buffer holds output value. It only changes when delay timer is done. pulse-on-change restarts delay timer every time IN changes.
As mentioned before, this will skip changes if IN changes faster than T.
The FIFO (First In First Out) queue method I mentioned is kind of like a conveyor belt. You drop your “thing” onto the belt and wait for it to fall off the end. If you have a longer belt, or run it slower, you will have a longer delay.
Coding the FIFO ran into issues. If you update all the buffers in the queue at the same time, you are likely to end up with the same value in each queue positions instead of shifting values one position. The obvious way to handle this is to use defer to delay the pulse to the next queue position, so you end up with something like this:
New value is fed in to the left and oldest value is right-most buffer-MEM (which will be your output). The pulses need to start at the right to update output value, then work their way left updating each queue position. This works great for the first 4 positions, but XOD apparently doesn’t like a long chain of defer nodes; the last one on the left never pulses
It shouldn’t make any difference, but creating a new buffer node with a delayed DONE pulse seems to work. I just called this new-buffer:
NOTE: XOD also doesn’t like chaining generic pins, so I could not make new-buffer use generic pin. I had to specify the boolean pin needed for this program.
Now I can create my wait-and-run node:
This is a debug version. Rather than having input pins, it has tweak nodes so I can change values while running in debug. Instead of a single output pin, it has multiple watch nodes so I can see what it is doing. To use it in your program, replace tweak nodes with input pins, replace the right-most watch node with an output pin and just delete the other watch nodes.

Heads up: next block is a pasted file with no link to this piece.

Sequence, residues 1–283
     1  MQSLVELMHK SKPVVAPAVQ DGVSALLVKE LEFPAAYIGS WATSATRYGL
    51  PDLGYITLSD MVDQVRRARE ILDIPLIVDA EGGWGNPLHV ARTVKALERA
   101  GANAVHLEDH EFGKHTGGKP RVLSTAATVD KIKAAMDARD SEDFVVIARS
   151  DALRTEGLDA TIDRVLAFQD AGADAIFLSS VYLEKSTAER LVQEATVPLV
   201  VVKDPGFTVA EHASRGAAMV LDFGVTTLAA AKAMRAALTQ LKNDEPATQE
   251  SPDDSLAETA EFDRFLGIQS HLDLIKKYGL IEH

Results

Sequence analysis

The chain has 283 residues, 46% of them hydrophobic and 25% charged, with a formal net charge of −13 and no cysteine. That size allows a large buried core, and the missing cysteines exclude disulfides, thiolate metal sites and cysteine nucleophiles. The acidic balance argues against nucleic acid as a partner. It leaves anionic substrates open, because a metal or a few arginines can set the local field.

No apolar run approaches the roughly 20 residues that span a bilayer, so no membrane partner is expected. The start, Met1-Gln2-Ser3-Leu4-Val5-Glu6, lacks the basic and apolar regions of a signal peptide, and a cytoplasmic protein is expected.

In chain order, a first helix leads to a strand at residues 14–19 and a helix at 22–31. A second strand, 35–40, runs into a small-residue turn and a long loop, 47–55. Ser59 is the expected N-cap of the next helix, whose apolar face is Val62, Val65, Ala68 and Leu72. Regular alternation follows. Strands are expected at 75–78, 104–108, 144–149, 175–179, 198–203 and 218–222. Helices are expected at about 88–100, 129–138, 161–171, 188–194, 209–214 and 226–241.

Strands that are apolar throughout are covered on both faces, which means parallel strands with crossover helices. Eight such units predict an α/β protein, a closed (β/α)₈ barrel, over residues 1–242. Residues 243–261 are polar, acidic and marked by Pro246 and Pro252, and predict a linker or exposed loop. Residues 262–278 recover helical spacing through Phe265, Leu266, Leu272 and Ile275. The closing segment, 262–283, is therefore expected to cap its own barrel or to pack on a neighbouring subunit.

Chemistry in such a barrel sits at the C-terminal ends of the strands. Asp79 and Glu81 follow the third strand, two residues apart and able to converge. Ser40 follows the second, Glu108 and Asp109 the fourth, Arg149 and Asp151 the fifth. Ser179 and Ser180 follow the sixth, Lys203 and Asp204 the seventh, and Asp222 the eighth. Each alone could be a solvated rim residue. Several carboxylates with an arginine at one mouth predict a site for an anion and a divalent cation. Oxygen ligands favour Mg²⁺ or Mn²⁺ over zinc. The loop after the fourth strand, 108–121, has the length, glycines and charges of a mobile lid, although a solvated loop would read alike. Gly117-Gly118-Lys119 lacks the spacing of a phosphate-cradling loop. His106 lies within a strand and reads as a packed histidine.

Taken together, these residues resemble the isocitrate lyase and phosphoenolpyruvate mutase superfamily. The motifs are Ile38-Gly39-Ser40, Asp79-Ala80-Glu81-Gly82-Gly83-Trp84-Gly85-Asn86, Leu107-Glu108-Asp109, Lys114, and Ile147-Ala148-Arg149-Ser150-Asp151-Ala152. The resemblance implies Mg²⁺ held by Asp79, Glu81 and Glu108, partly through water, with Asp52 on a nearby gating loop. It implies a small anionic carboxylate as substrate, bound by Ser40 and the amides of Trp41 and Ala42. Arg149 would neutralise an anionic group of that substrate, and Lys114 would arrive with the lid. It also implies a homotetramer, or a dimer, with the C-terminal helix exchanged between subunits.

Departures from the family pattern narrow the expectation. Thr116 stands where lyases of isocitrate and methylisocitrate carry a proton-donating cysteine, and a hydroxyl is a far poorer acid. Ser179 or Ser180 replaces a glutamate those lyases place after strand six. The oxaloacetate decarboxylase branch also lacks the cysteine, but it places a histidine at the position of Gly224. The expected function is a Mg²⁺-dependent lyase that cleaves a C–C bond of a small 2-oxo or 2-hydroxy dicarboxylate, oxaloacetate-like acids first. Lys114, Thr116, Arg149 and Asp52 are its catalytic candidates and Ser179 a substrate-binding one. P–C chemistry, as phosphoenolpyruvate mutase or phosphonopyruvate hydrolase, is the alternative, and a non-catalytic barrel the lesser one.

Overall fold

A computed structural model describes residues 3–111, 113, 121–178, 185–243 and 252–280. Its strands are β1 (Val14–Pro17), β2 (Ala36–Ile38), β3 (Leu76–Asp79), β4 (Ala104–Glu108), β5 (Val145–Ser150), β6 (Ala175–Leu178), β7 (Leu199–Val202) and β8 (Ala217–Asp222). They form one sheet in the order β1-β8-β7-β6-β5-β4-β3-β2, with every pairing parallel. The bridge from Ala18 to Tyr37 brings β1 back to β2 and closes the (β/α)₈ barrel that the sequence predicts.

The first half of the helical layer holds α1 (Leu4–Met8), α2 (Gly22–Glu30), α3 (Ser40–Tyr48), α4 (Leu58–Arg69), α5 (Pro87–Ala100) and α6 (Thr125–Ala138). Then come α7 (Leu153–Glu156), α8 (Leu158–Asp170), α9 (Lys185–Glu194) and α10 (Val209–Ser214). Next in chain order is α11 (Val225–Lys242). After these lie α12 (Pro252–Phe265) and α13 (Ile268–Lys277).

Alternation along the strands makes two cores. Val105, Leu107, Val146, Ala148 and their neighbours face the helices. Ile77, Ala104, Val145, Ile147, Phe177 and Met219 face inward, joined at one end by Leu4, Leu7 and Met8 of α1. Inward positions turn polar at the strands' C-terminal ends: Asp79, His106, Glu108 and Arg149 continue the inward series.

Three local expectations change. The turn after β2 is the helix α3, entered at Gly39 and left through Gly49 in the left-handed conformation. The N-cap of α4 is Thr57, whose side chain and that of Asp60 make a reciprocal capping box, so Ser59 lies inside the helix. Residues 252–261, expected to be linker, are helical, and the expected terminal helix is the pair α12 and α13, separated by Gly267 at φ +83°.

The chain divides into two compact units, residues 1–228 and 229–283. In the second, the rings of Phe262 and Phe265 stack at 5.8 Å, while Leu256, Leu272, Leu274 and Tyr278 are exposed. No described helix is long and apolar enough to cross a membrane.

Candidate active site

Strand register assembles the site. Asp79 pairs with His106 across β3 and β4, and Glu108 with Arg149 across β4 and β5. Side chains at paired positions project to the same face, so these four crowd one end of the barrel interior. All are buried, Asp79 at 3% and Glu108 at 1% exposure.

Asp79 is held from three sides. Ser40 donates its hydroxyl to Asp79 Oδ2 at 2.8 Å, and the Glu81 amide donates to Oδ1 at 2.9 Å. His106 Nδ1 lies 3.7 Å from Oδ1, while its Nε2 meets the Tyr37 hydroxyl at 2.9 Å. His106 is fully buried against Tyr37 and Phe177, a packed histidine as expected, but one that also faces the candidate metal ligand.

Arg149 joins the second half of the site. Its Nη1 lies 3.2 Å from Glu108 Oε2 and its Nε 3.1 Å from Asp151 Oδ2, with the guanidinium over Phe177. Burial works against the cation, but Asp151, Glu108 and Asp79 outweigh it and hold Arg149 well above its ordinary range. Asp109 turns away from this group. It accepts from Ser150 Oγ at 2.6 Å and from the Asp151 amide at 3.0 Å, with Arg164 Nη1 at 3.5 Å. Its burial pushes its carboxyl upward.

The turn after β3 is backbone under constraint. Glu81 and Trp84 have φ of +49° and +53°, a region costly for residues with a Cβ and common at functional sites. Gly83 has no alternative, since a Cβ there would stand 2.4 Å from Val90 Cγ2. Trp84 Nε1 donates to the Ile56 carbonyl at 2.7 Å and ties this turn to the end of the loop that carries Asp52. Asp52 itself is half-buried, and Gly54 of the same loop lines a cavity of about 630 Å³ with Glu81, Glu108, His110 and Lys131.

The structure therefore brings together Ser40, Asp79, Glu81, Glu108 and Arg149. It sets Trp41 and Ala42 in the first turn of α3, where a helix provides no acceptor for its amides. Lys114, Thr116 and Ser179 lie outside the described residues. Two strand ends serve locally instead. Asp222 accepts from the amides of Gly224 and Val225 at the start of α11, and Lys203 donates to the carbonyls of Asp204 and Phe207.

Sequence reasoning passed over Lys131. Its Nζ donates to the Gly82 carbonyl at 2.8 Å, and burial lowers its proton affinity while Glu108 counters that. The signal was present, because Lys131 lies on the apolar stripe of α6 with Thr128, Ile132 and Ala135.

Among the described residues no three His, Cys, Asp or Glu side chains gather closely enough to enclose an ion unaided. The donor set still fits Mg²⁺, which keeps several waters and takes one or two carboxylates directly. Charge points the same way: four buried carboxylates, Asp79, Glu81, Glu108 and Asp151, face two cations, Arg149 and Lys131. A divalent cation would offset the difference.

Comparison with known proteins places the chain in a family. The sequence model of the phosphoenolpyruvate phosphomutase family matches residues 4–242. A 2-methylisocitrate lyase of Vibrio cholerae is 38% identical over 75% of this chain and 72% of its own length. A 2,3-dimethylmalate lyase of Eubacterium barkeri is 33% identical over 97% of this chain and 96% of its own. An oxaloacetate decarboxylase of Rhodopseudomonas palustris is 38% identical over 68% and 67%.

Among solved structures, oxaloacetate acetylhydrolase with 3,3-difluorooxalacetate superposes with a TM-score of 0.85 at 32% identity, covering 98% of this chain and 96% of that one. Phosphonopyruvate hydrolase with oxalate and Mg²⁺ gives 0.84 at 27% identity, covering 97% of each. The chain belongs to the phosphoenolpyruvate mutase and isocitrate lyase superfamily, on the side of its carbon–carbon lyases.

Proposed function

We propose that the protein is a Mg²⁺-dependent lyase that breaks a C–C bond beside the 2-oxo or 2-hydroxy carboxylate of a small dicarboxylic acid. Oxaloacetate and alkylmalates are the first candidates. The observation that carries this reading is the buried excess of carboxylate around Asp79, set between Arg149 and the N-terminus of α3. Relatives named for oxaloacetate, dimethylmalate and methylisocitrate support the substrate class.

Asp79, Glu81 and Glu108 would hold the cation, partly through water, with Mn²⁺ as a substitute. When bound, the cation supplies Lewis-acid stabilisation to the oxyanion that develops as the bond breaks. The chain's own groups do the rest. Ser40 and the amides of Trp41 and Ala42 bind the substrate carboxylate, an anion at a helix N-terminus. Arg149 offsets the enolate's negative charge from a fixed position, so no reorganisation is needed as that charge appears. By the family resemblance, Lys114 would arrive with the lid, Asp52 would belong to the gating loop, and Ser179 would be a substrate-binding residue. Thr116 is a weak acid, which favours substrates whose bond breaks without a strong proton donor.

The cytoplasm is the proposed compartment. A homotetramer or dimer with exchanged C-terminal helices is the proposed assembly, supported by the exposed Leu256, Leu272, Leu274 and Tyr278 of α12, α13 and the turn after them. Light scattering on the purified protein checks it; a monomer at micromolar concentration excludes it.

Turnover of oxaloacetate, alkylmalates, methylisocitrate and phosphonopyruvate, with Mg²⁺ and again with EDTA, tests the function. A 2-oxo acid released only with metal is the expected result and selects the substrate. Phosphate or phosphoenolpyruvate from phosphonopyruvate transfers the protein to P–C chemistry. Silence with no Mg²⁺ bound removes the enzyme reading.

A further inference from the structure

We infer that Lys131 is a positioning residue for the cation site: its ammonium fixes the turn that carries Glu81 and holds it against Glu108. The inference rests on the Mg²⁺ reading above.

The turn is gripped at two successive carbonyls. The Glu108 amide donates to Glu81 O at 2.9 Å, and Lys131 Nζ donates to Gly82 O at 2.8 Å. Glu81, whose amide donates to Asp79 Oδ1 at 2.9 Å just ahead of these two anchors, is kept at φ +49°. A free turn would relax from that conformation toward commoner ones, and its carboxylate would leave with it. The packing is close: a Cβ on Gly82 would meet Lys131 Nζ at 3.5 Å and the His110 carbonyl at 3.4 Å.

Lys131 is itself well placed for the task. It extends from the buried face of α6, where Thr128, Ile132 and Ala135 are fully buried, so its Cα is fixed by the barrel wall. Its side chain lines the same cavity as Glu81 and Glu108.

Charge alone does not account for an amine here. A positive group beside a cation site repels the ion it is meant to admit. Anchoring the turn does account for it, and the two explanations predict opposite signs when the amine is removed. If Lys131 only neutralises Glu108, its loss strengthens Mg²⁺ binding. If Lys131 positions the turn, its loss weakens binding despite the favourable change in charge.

Because the queue size (conveyor belt length) is fixed, I adjust the tick timing (conveyor belt speed) based on how long you want the delay. The divide by 5 node calculates how often to pulse given the delay time you desire using a 5-value FIFO queue (5 buffer nodes). If you specify 5 second delay, it will pulse every second. If you specify 10 second delay, it will only pulse every 2 seconds. Note that you will miss any input transitions that happen between these pulses. If you need greater accuracy AND a long delay time, you will need to add more buffer nodes and adjust the divide node to match. 10 buffer nodes with a 5-second delay will divide the delay time by 10 and pulse every 0.5 seconds. Things can quickly get out of hand, though. A 20 second delay with 0.25 second resolution would require 80 buffer nodes.
Using the queue gets you a true delay for each change (limited by the accuracy of the pulse interval), but uses a lot more memory. If input changes will always be slower than delay time, the 1st simple solution is better. You need to know the requirements of your particular program to determine which is the “best” solution for your program. If input can change faster than your delay and missing changes would be disastrous, the first option is very bad. If missing pulses is bad & using enough memory for queue is just as bad, then you will need to find another option.